7 August, 2011 § Leave a comment
A nice summer day deserves an ice-cream in Trafalgar Square.
Louis Smith and Carmel Said’s Renaissance inspired “Holly” is my favourite (the judges gave it second place, after Wim Heldens’ “Distracted”). Standing in front of the huge, wall-size painting and looking at Holly reminiscing about her past, you feel an invitation for you to step through the gold frame into the caves and save her from her sorrows.© Louis Smith
What really strike me is how much digital photography has influenced (or destroyed) portrait painting. Many artists have taken photos of their models to study the colour and features. It’s obvious when that’s done; you can almost see each and every single pixel dots that the artist painstakingly copied onto the painting.
There is an uneasy feeling when you look at these ‘photocopied’ paintings. Partly because you think your eyes are playing up and you can’t tell whether it’s a digital photo print or an oil painting, but more so because the camera lens have created an additional barrier between you, the artist and the model. The connection is lost.
Inspired by the artworks and learning to take photos that would connect the viewer and the subject, here is a selection of my work.
I hope you like them!
18 July, 2011 § Leave a comment
But as we descended into Porto airport, we discovered the country had a very different image. Soon enough we were immersed in the two contrasting personas of this unique city.
The riverside was beautiful and full of life. This was where you would find a fairground with a carousel, market stalls and several port wine cellars that offered tours and wine tasting. We tried the white port for the first time at the Calem cellars and couldn’t resist picking up a bottle (I considered two) to take home to enjoy some more!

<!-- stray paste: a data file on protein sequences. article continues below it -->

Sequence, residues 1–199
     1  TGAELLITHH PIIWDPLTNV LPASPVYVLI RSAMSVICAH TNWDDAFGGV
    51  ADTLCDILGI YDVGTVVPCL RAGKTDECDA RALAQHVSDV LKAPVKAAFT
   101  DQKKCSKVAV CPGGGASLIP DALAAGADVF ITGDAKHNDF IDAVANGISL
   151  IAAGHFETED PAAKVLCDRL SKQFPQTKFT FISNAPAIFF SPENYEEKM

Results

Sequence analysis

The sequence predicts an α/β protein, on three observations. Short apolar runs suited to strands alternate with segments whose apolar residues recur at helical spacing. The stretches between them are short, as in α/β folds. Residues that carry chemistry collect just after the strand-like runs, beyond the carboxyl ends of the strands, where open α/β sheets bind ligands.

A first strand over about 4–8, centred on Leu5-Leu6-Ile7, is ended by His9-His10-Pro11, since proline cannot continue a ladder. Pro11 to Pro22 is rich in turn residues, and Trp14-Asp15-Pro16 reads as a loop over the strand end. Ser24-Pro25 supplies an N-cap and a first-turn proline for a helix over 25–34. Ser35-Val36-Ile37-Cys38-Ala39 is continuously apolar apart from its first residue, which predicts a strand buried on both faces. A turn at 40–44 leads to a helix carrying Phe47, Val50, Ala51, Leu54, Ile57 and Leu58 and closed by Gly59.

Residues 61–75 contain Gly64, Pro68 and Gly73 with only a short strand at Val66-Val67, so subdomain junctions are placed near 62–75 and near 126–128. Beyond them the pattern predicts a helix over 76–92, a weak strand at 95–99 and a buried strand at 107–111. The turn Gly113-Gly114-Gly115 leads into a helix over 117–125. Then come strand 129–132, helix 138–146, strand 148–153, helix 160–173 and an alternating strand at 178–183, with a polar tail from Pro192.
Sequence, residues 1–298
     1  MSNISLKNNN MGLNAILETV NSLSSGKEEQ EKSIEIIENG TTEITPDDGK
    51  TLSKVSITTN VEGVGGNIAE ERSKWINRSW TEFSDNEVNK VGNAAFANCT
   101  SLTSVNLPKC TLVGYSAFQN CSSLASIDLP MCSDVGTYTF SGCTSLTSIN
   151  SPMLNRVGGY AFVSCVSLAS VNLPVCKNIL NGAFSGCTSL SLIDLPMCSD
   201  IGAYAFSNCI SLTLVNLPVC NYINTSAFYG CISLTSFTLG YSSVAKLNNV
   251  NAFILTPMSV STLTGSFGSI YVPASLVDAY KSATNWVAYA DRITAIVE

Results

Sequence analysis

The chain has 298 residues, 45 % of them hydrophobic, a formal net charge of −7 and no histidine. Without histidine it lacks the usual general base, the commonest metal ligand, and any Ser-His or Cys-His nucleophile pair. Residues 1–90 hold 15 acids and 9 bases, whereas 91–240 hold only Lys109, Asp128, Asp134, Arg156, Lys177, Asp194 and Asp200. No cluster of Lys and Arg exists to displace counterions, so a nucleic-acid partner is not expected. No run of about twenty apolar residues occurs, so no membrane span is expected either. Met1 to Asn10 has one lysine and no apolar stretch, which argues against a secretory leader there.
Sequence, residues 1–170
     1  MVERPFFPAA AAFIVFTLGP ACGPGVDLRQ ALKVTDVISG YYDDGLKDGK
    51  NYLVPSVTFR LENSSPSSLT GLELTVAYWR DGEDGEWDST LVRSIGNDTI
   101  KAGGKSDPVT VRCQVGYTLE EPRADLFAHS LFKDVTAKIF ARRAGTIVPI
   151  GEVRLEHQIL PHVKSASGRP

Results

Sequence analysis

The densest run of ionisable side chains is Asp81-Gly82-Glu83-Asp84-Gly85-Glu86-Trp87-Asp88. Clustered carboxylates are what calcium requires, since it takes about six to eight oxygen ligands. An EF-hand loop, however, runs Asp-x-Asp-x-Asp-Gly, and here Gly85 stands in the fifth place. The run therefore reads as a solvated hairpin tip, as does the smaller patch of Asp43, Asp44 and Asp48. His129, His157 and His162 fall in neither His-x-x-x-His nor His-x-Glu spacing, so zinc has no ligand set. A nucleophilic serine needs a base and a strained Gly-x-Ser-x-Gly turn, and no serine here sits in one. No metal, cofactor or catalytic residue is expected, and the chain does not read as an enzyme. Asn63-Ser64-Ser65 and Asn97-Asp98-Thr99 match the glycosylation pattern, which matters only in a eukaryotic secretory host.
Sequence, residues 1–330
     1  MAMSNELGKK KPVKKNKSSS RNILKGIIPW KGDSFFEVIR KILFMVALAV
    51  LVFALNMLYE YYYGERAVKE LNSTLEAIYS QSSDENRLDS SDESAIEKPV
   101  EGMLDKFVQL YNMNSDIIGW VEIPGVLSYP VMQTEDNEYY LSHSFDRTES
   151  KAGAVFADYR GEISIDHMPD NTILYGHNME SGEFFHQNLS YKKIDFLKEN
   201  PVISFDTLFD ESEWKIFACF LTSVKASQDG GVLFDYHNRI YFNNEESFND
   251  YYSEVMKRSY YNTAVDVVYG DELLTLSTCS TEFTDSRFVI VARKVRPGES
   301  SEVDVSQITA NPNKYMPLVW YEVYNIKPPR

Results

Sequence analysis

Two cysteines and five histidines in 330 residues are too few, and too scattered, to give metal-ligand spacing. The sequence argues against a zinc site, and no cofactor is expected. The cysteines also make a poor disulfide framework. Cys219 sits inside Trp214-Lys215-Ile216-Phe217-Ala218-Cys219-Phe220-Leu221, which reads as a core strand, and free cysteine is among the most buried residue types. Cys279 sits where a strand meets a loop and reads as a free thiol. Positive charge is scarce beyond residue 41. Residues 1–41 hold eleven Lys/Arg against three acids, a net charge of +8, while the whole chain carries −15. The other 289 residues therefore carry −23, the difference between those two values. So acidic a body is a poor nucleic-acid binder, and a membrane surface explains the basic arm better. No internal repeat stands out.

Travelling around the city on a tour bus, we journeyed through cathedrals and churches, beautiful beach side resorts, and other tourist hotspots. There is even a giant toy spade sculpture at the entrance of a park!
The city was full of creativity wherever we went. Paintings and decorations were all over the mosaic walls at churches, houses and even at the train station.
Then the moment we walked down a side street, a forgotten city appeared in front of our eyes – poverty and abandoned buildings everywhere. No one seemed bothered about. In fact, it had become such a common feature that it had morphed into the architectural fabrics of the city.
The forgotten city had become a characteristic of Porto.
Standing in the middle of it all, you’d feel a sense of melancholy and helplessness. But there were also glimpses of love from the forgotten city dwellers – children playing on the streets; retired residents talking to each other and going about their daily lives; there was even an older woman feeding abandoned cats, slipping trays of cat food through the wall gaps of a run-down building.
For the full collection, have a look at my pinterest board here.